Twelfth Night  

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Train wreck at Montparnasse (October 22, 1895) by Studio Lévy and Sons.
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Train wreck at Montparnasse (October 22, 1895) by Studio Lévy and Sons.

Twelfth Night; or, What You Will is a comedy by William Shakespeare, believed to have been written around 1601-02 as a Twelfth Night's entertainment for the close of the Christmas season. The play expanded on the musical interludes and riotous disorder expected of such an occasion, with plot elements drawn from the short story "Of Apollonius and Silla" by Barnabe Rich, based on a story by Matteo Bandello. The first recorded performance was on 2 February 1602, at Candlemas, the formal end of Christmastide in the year's calendar. The play was not published until its inclusion in the 1623 First Folio.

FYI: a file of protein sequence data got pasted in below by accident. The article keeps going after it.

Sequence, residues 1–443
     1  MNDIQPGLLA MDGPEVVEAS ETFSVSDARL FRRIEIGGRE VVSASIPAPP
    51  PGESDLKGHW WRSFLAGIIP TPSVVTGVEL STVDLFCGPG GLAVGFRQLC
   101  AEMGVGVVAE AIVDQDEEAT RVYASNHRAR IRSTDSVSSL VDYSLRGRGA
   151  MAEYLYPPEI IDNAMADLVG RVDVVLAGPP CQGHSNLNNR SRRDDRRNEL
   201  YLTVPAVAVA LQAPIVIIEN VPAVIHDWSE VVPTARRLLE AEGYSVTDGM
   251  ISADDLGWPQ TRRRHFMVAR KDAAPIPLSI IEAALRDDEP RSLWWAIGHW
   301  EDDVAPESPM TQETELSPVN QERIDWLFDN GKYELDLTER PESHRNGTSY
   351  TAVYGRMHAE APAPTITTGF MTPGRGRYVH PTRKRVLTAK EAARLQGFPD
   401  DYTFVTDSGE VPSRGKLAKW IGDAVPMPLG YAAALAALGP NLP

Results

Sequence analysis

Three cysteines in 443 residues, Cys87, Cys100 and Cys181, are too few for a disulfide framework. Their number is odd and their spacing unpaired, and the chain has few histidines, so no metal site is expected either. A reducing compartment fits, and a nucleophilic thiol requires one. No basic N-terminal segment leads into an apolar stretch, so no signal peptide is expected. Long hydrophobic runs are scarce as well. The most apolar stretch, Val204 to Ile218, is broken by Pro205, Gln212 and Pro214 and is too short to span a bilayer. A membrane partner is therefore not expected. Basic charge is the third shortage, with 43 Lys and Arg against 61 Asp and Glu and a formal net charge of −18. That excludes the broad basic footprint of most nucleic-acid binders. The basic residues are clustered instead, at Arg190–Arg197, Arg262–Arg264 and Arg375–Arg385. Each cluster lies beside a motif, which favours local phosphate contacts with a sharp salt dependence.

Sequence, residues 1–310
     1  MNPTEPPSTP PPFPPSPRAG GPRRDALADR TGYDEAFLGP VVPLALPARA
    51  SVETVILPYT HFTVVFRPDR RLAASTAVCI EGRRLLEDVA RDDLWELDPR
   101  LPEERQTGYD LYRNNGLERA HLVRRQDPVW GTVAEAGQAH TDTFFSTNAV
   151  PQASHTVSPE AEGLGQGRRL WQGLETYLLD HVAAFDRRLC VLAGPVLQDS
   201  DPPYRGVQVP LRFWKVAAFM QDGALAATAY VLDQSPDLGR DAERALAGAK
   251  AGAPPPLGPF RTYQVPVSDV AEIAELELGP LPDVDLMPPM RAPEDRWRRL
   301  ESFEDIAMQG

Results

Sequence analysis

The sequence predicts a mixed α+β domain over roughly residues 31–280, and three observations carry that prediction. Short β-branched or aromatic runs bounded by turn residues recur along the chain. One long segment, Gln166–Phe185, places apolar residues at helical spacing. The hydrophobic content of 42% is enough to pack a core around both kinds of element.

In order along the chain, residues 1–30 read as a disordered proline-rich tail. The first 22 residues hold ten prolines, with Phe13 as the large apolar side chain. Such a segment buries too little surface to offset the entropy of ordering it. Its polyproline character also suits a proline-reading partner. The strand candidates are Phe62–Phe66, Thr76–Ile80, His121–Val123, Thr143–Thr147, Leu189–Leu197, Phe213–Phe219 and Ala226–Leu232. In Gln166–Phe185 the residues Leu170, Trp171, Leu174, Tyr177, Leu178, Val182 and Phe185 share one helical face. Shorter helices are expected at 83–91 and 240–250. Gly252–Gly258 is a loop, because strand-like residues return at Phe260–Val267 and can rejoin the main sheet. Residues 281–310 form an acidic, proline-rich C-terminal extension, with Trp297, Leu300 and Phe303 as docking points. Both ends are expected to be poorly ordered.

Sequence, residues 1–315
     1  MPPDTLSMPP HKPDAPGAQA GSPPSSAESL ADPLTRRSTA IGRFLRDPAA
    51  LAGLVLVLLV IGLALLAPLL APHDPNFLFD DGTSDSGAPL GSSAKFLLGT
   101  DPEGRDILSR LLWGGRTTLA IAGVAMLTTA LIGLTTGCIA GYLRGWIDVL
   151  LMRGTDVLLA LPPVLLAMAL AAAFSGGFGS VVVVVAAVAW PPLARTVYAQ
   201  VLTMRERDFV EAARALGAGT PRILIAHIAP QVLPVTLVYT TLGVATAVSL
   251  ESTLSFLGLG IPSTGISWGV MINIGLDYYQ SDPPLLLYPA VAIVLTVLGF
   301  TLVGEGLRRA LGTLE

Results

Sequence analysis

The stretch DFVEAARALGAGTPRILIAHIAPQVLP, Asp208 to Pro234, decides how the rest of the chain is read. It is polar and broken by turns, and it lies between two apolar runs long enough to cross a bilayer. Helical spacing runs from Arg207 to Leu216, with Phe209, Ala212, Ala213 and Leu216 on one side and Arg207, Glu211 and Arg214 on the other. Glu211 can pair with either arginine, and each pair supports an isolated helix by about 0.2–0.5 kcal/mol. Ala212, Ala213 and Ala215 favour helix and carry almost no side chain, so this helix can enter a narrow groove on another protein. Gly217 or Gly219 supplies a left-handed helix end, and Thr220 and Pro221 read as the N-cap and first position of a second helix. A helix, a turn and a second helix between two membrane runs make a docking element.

The foretitle is believed to be an afterthought, created after John Marston premièred a play titled What You Will, Shakespeare's intended title for this play, during the course of the writing. The title Twelfth Night, or What You Will, prepares the audience for its jovial feel of festivities consisting of drink, dance, and giving in to general self-indulgence. The subtitle What You Will implies that the audience is also involved in the merry spirit found in the play.





Unless indicated otherwise, the text in this article is either based on Wikipedia article "Twelfth Night" or another language Wikipedia page thereof used under the terms of the GNU Free Documentation License; or on original research by Jahsonic and friends. See Art and Popular Culture's copyright notice.

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